the Mlifake, of fuppofing that all Abbots are Monks. Of
this we have a remarkable Inflance, at which many of our
Countrymen have flumbled, in that Difpute about the Inventor
of the Lines for transforming of Geometrical Figures, call'd
by the French the Robervallian Lines. Dr. Gregory, in the
Philofophical rranfadions, Anno i694. rallies the Abbot
Galloys, who held the Abbey of S. Martin de Cores, in
Commendam, with being a Monk: ' The good Father, fays
" he, imagines we are return'd into that fabulous Age where-
' in a Monk might be allow'd to fay what he pleas'd.'
Which PafTage the Abbot takes hold of, and returns the
Raillery, with Intereff, on the Doaor, in the Memoirs de
I'Academ. Anno 1 703.
The Ceremony whereby Abbots are created, is properly
call'd Benedilion; or Sometimes, tho abufively, Confiecra-
It antiently confiffed in cloathing him with the Habit call'd
Cuculla, Cowl; putting the Pafforal Staff in his Hand, and
the Shoes call'd Pedales, or Pedules, on his Feet. Thefe
Particularities we learn from the Ordo Romanus of Theodore
Archbifhop of Canterbury.
The Title Abbot has alfo been given to certain Bifhops,
by reafon their Sees had originally been Abbeys; and that
they were even eleded by the Monks: Such are thofe of
Catanea and Montreal, in Sicily. See BIsHoP.
The fame Appellation is extended to the Superiors or Ge-
nerals of fome Congregations of Regular Canons; as that of
S. Genevieve at Paris. See CANON, GENEVIEVE, SC.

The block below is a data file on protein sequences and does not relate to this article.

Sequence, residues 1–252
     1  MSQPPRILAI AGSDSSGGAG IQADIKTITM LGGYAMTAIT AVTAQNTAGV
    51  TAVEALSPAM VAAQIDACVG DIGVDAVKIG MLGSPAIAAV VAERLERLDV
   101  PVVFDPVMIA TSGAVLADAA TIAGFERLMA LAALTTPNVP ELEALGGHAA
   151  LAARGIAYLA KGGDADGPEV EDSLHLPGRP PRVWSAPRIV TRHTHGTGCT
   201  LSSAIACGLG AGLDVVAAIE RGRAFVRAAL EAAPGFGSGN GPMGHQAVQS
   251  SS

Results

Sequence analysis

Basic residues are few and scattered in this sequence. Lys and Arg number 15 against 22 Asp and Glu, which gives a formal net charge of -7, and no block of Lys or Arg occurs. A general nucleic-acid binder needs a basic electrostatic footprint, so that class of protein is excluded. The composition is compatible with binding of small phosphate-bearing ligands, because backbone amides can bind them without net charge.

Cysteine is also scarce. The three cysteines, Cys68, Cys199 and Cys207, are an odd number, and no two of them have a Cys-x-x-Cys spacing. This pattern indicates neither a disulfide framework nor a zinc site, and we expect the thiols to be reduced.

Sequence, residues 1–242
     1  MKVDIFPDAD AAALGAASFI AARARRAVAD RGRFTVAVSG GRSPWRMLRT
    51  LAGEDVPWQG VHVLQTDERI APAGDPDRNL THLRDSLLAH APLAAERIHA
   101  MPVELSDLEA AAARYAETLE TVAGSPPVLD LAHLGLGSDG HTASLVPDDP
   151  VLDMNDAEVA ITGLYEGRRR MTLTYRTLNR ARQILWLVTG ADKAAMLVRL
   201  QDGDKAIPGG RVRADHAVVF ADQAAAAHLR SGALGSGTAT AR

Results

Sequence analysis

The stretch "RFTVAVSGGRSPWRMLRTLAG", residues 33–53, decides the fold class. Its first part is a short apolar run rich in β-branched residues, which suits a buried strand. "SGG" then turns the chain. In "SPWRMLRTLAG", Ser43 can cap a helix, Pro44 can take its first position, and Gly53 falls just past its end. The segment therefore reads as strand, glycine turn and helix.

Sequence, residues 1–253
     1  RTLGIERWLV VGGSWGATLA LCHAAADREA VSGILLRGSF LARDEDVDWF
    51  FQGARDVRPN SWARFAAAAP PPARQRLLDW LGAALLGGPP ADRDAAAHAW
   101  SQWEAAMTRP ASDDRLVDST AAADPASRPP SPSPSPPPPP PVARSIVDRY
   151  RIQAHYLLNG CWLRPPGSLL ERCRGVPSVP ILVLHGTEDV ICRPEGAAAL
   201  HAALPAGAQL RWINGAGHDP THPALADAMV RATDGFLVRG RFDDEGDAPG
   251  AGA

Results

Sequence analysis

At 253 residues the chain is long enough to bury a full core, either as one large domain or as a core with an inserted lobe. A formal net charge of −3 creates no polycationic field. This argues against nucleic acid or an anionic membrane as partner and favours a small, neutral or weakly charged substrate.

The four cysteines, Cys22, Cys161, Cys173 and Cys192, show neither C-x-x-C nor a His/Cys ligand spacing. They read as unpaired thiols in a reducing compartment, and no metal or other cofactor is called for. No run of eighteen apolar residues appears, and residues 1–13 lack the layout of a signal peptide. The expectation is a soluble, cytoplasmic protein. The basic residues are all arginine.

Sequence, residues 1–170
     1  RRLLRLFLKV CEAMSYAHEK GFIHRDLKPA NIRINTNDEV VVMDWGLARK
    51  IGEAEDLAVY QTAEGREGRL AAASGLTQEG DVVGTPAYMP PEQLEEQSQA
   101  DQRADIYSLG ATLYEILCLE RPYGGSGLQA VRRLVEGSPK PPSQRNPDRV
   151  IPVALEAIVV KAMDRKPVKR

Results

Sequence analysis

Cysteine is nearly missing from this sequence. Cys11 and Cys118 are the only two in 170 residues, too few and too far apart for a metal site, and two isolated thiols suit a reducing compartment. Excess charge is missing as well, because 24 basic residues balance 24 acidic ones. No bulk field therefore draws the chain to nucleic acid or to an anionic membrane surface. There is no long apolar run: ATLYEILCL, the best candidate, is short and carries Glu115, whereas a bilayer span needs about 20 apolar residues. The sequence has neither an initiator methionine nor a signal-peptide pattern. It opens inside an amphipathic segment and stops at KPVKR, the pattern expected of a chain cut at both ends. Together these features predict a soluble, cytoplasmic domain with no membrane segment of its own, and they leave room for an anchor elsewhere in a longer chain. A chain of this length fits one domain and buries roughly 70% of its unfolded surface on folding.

. ABBOT is alfo a Title bore by feveral Magifirates, and
other Lay-Perfons. Among the Genoefe, one of their princi-
pal Magifirates was call'd the Abbot of the People.
In Franice, particularly about the Time of Charlemaign,
there were feveral Lords and Courtiers, who having the In-
fpea1ion of certain Abbeys committed to them, were flyl'd
Abba-Comites, or Abbey-Counts. See ABBEY, COUNT, SC.
tion of a Word, or Paffage; made by dropping fome of the
Letters, and fubflituting certain Marks, or Charaters in their
Place. See SYMBOL.
Lawyers, Phyficions, Xc. ufe abundance of Abbreviatures,
4 )
partly for the fake of Expedition,and partly for that of Ayflery.
A Lift of the principal Abbreviatures in the feveral Arrts
and Faculties, fee under the Article CLi AR ACT ER .
Of all People, the Rabbins are the greatefit Dealers in
this way; theirjWritings are unintelligible, without an Expli-
cation of the Hebrew Abbreviatures. !The 7ewdlh Authors
and Copifts don't content themfelves to abbreviate Words,
like the Greeks and Latins, by retrenching fome of the
Letters, or Syllables thereof; but they frequently take away
all but the initial Letter. Thus, ' hands for Rabbi, and
X flands for  X, :'t-  or n1X  according to the Place
it is found in.
But what is more, they frequently take the initial Letters
of feveral Succeeding Words, join 'em together, and adding
Vowels to 'em, make a barbarous fort of Word, reprefenra-
tive of all the Words thus abridg'd. Thus, Ratbi Sche-
lemob 7arrhi, in the Jargon of the Hebrew Abbreviature,
is call'd Rafe; and Rabbi Mofes ben Maiemon, Rambam.
And thus again, Nt2:: is put for Ad n1' -1-1. fzn-Z
Donum in abdito cvertit Iram.
Mercerus, David de Pomis, Schindler, Bi~tr.torf, &c. have
given Explications of this fort of Ciphers. The mofb copi-
ous Colle&ion of Roman Abbreviations, is that of Sertorius
Urfatus, at the End of the Marmora Arundclia; Sertorii